As Enrollment On The ACA Exchanges Surges, Insurer Participation Growth Is More Modest: Study

The number of plans offered under the Affordable Care Act (ACA) for 2022 hit 15,638, up 15% from the 2021 plan year, according to a new analysis.

While membership in exchange plans skyrocketed over the course of 2021, thanks to a lengthy special enrollment period under the pandemic and enhanced premium tax credits, insurer participation grew more slowly than in recent years, according to the report, which was penned by Kathy Hempstead, senior policy adviser at the Robert Wood Johnson Foundation.

The report finds a notable shift toward the exchanges, with growth in exchange plans at 20% compared to 6.8% for off-exchange plans.

“In the short-to-medium run, the most likely prospect for enrollment growth will come from the coverage provisions in the Build Back Better Act and redeterminations out of Medicaid as the public health emergency unwinds,” Hempstead wrote. “These trends may take longer than anticipated to materialize, due to both headwinds with the legislation and the persistence of the pandemic.”

“Much of this potential growth will take place in the non-expansion states, which is where recent increases in insurer participation have been concentrated,” she added.

The report names some notable entrants into the individual market for 2022, including Ascension, which represents the lone new entrant in the provider-sponsored plan market. Ascension is selling marketplace plans in the Wichita and Detroit markets as well as in 30 Indiana counties.

Two Medicaid managed care organizations, AmeriHealth Caritas and The Health Plan, have also entered the marketplaces in North Carolina and West Virginia, respectively. The paper said the potential synergies between Medicaid and the ACA exchanges are luring these companies into the space.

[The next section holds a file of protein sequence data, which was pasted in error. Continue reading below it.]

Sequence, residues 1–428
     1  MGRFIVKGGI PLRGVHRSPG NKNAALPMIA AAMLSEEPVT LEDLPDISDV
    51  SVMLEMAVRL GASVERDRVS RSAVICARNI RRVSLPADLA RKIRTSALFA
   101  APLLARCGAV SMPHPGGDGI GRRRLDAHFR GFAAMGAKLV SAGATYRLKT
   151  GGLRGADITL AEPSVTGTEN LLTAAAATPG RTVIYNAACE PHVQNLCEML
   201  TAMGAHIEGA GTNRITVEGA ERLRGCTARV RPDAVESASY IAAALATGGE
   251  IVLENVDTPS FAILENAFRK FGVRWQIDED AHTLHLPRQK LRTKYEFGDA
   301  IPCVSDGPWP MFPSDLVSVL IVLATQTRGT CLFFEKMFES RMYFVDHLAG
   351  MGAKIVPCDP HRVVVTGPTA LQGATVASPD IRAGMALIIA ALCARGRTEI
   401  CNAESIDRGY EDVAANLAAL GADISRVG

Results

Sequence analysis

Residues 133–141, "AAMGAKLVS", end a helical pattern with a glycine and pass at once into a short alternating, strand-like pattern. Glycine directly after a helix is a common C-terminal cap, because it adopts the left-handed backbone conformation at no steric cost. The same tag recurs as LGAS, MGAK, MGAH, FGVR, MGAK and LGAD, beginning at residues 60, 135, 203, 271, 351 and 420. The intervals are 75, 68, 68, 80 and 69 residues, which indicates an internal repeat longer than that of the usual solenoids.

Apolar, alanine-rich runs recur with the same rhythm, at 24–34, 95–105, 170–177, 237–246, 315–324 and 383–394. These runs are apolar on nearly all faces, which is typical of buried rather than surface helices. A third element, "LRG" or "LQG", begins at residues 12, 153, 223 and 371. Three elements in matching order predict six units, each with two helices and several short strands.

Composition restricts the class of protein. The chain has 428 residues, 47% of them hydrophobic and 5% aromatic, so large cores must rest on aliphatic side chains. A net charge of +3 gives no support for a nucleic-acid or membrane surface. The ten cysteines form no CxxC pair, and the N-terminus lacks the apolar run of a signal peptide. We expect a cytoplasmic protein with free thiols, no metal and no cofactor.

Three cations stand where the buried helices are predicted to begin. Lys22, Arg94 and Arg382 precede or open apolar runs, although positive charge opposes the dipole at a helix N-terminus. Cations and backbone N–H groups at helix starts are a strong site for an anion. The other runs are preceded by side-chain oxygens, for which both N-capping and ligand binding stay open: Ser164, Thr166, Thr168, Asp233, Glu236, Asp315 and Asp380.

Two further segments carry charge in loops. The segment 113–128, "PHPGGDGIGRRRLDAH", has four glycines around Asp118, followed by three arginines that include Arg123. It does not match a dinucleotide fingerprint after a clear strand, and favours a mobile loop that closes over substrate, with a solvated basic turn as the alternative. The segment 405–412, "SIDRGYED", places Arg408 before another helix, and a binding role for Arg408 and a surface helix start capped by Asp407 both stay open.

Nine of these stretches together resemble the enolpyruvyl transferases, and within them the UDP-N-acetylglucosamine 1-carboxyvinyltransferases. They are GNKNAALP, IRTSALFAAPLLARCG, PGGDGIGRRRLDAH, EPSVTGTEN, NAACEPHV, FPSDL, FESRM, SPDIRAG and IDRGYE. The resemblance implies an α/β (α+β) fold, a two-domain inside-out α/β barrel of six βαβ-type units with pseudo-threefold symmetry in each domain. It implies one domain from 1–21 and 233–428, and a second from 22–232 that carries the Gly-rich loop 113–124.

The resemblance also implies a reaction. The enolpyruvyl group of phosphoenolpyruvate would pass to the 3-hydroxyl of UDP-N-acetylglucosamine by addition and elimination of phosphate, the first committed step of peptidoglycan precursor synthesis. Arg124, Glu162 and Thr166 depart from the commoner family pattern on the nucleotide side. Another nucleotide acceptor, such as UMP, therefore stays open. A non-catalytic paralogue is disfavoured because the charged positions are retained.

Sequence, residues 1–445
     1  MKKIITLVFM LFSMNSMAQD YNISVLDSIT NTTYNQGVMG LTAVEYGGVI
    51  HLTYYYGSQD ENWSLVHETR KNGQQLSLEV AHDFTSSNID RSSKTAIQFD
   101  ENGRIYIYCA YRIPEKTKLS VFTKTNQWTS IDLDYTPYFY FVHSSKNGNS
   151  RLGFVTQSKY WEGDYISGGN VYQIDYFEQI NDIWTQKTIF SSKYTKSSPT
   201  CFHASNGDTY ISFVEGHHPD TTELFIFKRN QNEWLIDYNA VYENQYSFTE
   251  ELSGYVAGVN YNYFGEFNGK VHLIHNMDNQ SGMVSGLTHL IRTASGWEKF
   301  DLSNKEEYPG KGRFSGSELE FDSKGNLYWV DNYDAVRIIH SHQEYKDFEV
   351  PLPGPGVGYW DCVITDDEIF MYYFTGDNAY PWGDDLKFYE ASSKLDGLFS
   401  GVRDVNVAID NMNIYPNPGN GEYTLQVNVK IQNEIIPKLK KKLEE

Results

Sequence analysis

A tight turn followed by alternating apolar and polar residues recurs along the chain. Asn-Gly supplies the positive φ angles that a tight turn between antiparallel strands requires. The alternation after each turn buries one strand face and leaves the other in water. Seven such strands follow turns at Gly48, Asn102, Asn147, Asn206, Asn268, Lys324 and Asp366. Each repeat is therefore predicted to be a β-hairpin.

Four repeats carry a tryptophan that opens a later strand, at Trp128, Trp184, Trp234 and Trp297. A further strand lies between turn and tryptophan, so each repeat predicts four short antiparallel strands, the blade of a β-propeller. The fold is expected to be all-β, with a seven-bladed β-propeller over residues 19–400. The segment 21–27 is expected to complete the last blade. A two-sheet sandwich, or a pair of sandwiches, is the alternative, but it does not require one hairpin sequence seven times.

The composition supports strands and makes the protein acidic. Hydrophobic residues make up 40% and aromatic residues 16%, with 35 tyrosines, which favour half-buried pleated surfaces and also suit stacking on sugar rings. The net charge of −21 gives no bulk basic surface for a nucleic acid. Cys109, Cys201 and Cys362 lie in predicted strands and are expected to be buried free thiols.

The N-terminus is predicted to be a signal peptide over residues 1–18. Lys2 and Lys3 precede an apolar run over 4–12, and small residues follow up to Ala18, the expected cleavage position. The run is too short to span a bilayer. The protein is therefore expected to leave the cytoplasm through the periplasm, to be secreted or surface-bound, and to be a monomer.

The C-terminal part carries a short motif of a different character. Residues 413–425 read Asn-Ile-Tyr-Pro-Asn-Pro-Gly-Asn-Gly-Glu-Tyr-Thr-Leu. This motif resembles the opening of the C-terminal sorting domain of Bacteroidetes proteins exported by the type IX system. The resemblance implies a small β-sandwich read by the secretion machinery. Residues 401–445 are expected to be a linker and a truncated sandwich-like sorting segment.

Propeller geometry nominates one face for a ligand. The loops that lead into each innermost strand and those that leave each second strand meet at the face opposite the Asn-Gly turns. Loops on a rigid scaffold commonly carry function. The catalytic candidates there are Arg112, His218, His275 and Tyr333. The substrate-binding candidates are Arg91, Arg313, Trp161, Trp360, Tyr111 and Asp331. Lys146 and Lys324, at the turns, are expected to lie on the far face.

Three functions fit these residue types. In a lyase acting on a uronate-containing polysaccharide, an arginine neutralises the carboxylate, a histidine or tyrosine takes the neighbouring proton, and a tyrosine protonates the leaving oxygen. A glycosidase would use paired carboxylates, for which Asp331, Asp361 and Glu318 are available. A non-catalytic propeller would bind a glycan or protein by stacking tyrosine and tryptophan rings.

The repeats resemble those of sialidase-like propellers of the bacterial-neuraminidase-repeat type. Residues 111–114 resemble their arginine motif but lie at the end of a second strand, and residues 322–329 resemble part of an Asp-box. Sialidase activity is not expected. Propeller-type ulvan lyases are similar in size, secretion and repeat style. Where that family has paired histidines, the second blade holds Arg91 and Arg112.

CVS Health’s Aetna headlines the list of returning companies to the exchanges for 2022, after exiting the market fully amid significant loses. The insuer is offering plans across eight states and adopting a similar stance to rival UnitedHealth Group in its return with a slimmed down slate of plan options.

“With Aetna’s entry, nearly all of the major national health insurers have returned to the marketplace, with only Humana remaining on the sidelines,” Hempstead wrote.

Other plans such as Centene, Oscar Health, Molina Healthcare, Cigna and Bright Health have entered new states or otherwise expanded their footprints for the 2022 plan year, according to the report.

Hempstead writes that long-term growth trends could follow emerging trends in Medicare Advantage, which saw some insurers with lower-than-expected enrollment growth due to increasing competition. For now, many insurers are focusing on areas with high numbers of uninsured residents, but they will likely need to grow by capturing market share from competitors in the near future.

“Whether this becomes a factor in the individual market depends on both participation trends and the potential for market growth,” she wrote.


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